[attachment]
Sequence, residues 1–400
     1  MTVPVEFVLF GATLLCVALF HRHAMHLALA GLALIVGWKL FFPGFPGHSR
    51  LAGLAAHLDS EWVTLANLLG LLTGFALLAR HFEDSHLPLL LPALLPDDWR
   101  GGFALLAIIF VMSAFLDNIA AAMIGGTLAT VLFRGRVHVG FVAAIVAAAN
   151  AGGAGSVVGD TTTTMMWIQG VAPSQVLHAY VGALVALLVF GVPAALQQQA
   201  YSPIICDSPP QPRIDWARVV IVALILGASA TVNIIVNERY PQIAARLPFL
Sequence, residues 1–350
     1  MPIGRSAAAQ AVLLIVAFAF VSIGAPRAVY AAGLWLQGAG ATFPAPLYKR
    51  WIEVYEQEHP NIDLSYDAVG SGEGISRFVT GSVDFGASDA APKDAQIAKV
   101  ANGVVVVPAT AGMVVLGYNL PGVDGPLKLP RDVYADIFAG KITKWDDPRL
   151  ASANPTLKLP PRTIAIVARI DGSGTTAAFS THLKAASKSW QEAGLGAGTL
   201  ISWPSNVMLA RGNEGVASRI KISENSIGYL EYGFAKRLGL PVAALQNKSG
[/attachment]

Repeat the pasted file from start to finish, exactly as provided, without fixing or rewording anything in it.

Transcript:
Sequence, residues 1–400
     1  MTVPVEFVLF GATLLCVALF HRHAMHLALA GLALIVGWKL FFPGFPGHSR
    51  LAGLAAHLDS EWVTLANLLG LLTGFALLAR HFEDSHLPLL LPALLPDDWR
   101  GGFALLAIIF VMSAFLDNIA AAMIGGTLAT VLFRGRVHVG FVAAIVAAAN
   151  AGGAGSVVGD TTTTMMWIQG VAPSQVLHAY VGALVALLVF GVPAALQQQA
   201  YSPIICDSPP QPRIDWARVV IVALILGASA TVNIIVNERY PQIAARLPFL
Sequence, residues 1–350
     1  MPIGRSAAAQ AVLLIVAFAF VSIGAPRAVY AAGLWLQGAG ATFPAPLYKR
    51  WIEVYEQEHP NIDLSYDAVG SGEGISRFVT GSVDFGASDA APKDAQIAKV
   101  ANGVVVVPAT AGMVVLGYNL PGVDGPLKLP RDVYADIFAG KITKWDDPRL
   151  ASANPTLKLP PRTIAIVARI DGSGTTAAFS THLKAASKSW QEAGLGAGTL
   201  ISWPSNVMLA RGNEGVASRI KISENSIGYL EYGFAKRLGL PVAALQNKSG